Using Wheel Impact Load Detector Data to Identify Defective Vehicles

Research output: Book/ReportCommissioned reportpeer-review

Abstract

Uneven wheel loads due to wagon defects have in the past been identified as causal factors in freight wagon derailments leading to Rail Accident Investigation Branch (RAIB) recommendations to industry to address the cause, effects and monitoring of defect related uneven wheel loads.

Wheel Impact Load Detectors (WILD) are installed on Network Rail infrastructure and routinely measure wheel loads from passing traffic, primarily to detect wheel defects such as flats. However, work over recent years has demonstrated that the WILD data can also give information relating to the vehicle and its load, specifically vehicle or load imbalance. The use of the WILD data for other aspects of traffic monitoring, such as identifying vehicle defects like wagon frame twist, is theoretically possible but as yet unproven.

This project aims to determine the viability of using WILD data for wagon defect detection. Such defects could include a twisted vehicle frame, twisted bogie frame and abnormal suspension behaviour or condition.
The change in wheel load distribution for a number of defect types was calculated using simplified mathematical models of the vehicle suspension and defect characteristics. The relationship between common metrics and wheel unloading (a reliable derailment indicator) were defined. This part concluded that the diagonal wheel load imbalance is an appropriate metric for detecting defective vehicles which could have reduced derailment resistance.
A statistical process for identifying meaningful trends in wheel loads for a specific vehicle over a period of time has been developed and applied to a 12-month WILD dataset of RFID tagged (identifiable) vehicles. The process included the characterisation of the data set to ensure statistically meaningful observations.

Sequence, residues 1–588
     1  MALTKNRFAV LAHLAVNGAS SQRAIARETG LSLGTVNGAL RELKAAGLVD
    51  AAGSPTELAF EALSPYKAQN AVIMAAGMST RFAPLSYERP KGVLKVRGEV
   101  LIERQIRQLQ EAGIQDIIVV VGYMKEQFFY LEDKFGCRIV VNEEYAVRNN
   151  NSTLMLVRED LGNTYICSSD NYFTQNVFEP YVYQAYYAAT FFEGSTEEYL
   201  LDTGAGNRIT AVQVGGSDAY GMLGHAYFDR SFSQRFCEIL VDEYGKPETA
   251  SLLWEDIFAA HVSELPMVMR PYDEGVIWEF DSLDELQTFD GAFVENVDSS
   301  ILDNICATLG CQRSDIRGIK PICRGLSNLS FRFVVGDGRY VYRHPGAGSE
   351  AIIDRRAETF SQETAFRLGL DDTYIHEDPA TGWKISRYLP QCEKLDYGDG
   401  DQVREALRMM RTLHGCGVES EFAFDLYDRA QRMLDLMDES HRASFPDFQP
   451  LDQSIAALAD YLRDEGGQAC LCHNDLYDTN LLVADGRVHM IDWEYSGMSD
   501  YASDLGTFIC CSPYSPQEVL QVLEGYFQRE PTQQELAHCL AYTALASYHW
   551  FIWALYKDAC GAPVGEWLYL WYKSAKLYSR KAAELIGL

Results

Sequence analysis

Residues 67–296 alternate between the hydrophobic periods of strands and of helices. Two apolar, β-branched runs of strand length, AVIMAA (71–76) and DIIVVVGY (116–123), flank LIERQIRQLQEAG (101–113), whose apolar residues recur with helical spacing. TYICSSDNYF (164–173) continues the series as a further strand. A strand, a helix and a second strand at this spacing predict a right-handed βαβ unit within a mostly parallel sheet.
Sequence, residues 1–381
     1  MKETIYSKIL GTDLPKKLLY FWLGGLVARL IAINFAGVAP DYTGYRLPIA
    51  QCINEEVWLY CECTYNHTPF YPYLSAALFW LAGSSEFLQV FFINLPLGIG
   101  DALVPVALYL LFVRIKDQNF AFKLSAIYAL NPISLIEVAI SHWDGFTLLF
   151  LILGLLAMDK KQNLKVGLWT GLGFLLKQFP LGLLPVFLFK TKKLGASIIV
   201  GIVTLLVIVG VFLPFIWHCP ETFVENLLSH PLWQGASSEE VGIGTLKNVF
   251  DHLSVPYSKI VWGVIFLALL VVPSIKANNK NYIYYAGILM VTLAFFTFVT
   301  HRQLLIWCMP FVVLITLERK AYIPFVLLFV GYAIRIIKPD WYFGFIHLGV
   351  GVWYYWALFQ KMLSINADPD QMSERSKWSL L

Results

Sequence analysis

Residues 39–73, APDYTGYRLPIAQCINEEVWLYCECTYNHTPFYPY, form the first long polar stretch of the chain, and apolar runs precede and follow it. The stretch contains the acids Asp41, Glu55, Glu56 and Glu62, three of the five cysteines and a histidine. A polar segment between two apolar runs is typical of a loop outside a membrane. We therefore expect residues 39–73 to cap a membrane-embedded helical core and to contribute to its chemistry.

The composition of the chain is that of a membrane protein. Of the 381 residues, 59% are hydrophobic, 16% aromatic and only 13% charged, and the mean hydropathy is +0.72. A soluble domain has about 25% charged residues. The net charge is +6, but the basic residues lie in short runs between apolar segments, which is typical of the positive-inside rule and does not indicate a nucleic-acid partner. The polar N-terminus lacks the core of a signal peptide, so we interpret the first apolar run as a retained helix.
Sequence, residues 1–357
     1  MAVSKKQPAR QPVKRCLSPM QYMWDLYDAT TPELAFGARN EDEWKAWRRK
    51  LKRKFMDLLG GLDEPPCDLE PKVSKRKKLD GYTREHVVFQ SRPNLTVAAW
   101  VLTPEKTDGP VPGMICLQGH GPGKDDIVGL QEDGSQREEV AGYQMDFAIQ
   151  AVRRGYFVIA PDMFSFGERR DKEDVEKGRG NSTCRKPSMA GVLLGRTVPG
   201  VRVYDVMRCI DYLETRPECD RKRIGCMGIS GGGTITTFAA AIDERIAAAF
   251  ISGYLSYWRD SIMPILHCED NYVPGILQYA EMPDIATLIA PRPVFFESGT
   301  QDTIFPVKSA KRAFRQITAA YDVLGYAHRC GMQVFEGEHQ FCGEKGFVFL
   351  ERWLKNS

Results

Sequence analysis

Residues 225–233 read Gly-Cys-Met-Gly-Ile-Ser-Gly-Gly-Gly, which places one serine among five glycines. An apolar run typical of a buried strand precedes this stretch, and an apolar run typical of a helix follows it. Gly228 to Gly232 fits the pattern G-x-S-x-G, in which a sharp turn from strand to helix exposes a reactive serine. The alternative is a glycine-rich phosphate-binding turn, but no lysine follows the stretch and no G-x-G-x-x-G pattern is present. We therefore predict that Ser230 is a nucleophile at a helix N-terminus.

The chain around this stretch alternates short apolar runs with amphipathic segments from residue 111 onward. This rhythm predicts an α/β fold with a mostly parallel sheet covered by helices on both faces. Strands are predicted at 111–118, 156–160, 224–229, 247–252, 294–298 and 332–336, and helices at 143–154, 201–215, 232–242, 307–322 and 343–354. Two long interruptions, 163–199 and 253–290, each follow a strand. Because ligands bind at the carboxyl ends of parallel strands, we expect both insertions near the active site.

From this process a shortlist of 28 vehicles was created for further investigation with support from the vehicle owners/maintainers. In several cases, step changes observed in the performance of the vehicle were correlated with recent maintenance activities. Wheel unloading estimations for a number of cases were similar to those calculated by RAIB as being contributory factors in historic derailments.

Based on initial feedback from the vehicle maintainers the project concluded that it is feasible to use WILD data for vehicle defect detection by applying a statistical analysis process. The acquisition of further information regarding vehicle condition is ongoing and more detailed correlations will be possible in the future when the data becomes available.

It was recommended that the feasibility of implementing a statistical analysis process in the WILD data stream should be assessed, with the aim of providing relevant stakeholders with offline information to inform maintenance scheduling and inspections where necessary on an ongoing basis.
Original languageEnglish
PublisherUniversity of Huddersfield
Commissioning bodyRail Safety and Standards Board Limited
Number of pages61
VolumeIRR Ref: 110/210
Edition2
Publication statusPublished - 25 Jan 2021

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